One week before the end of the first quarter, March 23rd, marked the 1-year anniversary of the pandemic’s bear market low. The low closing price of the iShares MSCI All-Country World Index (ACWI) ETF was 54.33 at that time. On March 31st, 2021 it stood at 95.15 – a gain of over 75% (not including dividends).
Absolutely no one predicted this outcome back in late March 2020.
Morningstar published a study on March 31st entitled Keep Keeping Your Distance in which they looked at the portfolio changes of over 520,000 401k participants and their trading behaviors during the COVID-19 Crisis. They discovered almost exactly what one would expect.
Self-directed participants who made changes to their asset allocation during the first quarter of 2020 reduced their equity exposures by an average of 17% (they sold low). This tendency was amplified among older participants with more aggressive portfolios (those who lost the most and were conscious of having the least time to recover).
That is to say that, on average, the human response to carnage caused by the novel Coronavirus was an emotional one – to sell and sit in cash “until things improve.” There is nothing novel about this response. This is totally normal and expected behavior among market-focused, current-event-driven investors.
We did the opposite – when we noted the 20% decline, our trigger point for rebalancing procedures. Instead of reducing equity exposure we increased it. This is because we are goal-focused, planning-driven, and evidence-based investors. Our process has given us rewards on the year… and even more on the quarter.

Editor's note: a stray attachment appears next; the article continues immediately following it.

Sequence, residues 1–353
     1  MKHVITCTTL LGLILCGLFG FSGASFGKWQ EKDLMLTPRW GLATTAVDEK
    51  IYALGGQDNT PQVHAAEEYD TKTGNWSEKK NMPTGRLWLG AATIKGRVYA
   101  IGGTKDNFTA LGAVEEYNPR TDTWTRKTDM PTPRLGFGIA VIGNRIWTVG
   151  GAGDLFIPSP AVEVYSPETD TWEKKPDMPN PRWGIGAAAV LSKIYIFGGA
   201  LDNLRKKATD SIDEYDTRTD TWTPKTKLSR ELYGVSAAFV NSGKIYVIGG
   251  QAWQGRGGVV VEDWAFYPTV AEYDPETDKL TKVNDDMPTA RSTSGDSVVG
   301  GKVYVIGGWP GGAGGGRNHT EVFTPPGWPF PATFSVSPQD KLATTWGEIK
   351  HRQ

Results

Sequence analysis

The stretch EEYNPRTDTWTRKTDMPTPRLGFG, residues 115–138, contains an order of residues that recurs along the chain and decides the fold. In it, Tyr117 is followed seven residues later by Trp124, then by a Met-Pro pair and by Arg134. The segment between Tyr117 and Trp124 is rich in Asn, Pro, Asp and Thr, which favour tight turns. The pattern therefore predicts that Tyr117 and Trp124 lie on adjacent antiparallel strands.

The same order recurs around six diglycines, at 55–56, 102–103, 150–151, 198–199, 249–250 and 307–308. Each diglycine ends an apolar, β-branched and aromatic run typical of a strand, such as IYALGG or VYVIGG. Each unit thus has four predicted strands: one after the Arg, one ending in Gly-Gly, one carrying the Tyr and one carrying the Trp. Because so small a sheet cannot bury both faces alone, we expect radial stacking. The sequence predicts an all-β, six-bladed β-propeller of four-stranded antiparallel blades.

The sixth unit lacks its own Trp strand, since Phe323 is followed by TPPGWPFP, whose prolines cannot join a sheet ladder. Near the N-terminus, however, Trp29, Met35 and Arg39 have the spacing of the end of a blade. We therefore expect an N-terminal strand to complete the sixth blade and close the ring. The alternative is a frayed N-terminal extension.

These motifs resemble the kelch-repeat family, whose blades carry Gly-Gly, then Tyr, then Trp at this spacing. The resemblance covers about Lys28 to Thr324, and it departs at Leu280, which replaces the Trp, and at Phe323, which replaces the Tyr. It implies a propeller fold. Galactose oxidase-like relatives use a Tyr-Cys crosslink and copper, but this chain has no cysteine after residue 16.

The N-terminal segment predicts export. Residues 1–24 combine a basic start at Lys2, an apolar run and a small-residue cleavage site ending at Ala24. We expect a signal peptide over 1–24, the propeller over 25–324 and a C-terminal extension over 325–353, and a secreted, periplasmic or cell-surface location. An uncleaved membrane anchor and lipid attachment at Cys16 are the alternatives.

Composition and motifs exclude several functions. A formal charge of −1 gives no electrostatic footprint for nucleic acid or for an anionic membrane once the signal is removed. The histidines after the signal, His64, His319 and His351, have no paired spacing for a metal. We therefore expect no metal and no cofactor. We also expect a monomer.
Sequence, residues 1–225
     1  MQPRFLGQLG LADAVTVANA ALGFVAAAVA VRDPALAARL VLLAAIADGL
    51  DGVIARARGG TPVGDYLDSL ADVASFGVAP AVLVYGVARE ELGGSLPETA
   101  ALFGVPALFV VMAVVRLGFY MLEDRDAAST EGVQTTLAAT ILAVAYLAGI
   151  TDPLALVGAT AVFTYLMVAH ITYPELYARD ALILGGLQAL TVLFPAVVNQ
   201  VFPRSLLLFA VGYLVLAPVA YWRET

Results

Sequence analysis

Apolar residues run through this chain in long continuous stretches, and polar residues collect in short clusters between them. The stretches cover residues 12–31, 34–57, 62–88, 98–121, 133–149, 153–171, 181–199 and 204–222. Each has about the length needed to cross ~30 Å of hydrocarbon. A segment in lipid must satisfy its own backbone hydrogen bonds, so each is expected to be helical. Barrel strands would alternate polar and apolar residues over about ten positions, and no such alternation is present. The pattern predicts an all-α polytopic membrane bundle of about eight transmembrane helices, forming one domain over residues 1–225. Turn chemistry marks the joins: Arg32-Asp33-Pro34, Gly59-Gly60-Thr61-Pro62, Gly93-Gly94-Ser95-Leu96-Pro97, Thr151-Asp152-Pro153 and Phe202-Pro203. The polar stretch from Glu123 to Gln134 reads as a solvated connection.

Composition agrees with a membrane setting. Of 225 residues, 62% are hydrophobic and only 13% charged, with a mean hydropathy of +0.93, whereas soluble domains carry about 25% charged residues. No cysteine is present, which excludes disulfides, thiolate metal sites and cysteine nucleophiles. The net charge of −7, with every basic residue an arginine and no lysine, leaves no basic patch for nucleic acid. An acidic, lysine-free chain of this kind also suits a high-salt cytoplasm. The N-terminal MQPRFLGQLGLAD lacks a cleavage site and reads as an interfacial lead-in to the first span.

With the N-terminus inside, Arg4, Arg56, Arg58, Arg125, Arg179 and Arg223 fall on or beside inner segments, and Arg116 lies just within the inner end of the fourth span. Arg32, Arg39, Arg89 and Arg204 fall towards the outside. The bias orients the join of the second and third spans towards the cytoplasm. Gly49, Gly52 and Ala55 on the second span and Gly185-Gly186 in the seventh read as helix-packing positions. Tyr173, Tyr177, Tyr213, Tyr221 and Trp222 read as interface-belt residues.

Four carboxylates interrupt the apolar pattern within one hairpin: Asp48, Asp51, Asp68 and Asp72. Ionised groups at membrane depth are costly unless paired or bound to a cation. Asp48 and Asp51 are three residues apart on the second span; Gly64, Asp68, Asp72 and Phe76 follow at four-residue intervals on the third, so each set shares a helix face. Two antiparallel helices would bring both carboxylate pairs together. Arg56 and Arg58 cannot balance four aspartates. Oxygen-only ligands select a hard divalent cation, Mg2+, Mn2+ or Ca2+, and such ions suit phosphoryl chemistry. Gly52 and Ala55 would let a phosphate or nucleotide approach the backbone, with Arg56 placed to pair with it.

Once again, in early 2021, more elements of our evidence-based process have started to show up nicely. These make us feel really smart though we are treading the same path we’ve been on successfully for twenty years: following the academic research and the history of the stock markets. Smart because we listen to smarter people than ourselves and because we follow our fundamental commitments.
Market leadership has shifted, at last and as we knew it eventually would.
Over long periods of time, value outperforms growth and small outperforms large. Over long periods of time, the expected return from international investing is similar to the expected return from domestic investing. This does not happen every year (in case you were not watching). Starting in 2009 and intensifying from 2017-2019, the opposite became true: large domestic growth-oriented companies have been in the lead.
It seemed in early 2020 that this trend would continue. But along with the pandemic some long held and reliable relationships between revenue growth, earnings and prices have returned to how the market values companies. This has been very welcome to our portfolios, which as you know, skew towards value and small.
In the first quarter of 2021, value stocks as a group gained 11%, small stocks gained 13%, and very small stocks gained 24%. Meanwhile, the large domestic tech leaders Amazon and Apple lost 5% and 8% respectively.
At the same time, it looks like the dollar has returned to it’s slow steady decline relative to other currencies which means our international allocations have become a tailwind to our portfolios instead of the headwind they have been since the Great Recession.
The very next question I am asked anytime I mention this is some version of the following, “how long will our method be in favor this time?” To which I shrug my shoulders. I don’t know what geography, sector, style, or investment will outperform the others in the short-term future (nor does anyone else). All I know is what the research tells us: over long periods of time, with increasing probability over time, value outperforms growth, small outperforms large, and the expected returns from domestic and international equity portfolios are similar.